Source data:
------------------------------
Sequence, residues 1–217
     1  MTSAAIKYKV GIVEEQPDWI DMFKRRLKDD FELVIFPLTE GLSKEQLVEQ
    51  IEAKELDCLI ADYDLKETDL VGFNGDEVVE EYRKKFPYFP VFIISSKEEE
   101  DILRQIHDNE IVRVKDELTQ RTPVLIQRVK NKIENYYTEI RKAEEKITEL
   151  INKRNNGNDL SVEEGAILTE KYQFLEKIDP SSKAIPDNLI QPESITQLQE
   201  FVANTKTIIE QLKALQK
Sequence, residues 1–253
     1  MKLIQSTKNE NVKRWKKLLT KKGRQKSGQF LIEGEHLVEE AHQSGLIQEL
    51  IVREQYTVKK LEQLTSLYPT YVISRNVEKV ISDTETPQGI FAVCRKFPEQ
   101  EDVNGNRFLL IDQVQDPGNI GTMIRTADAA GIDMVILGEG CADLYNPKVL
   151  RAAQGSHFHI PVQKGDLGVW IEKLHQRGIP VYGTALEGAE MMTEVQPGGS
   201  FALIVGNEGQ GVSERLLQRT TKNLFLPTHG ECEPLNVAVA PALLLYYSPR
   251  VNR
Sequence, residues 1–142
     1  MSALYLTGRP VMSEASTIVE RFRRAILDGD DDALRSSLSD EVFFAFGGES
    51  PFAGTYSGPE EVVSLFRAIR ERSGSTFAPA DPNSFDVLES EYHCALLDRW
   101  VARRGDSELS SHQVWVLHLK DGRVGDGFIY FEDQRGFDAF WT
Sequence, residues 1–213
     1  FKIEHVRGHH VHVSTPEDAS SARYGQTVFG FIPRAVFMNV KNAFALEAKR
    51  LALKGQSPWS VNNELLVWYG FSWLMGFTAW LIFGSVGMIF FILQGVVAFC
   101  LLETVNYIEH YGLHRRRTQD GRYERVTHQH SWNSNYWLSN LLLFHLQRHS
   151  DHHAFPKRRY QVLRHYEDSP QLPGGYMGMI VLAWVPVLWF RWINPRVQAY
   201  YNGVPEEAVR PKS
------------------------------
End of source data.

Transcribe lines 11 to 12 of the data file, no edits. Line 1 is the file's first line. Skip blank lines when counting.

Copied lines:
   151  RAAQGSHFHI PVQKGDLGVW IEKLHQRGIP VYGTALEGAE MMTEVQPGGS
   201  FALIVGNEGQ GVSERLLQRT TKNLFLPTHG ECEPLNVAVA PALLLYYSPR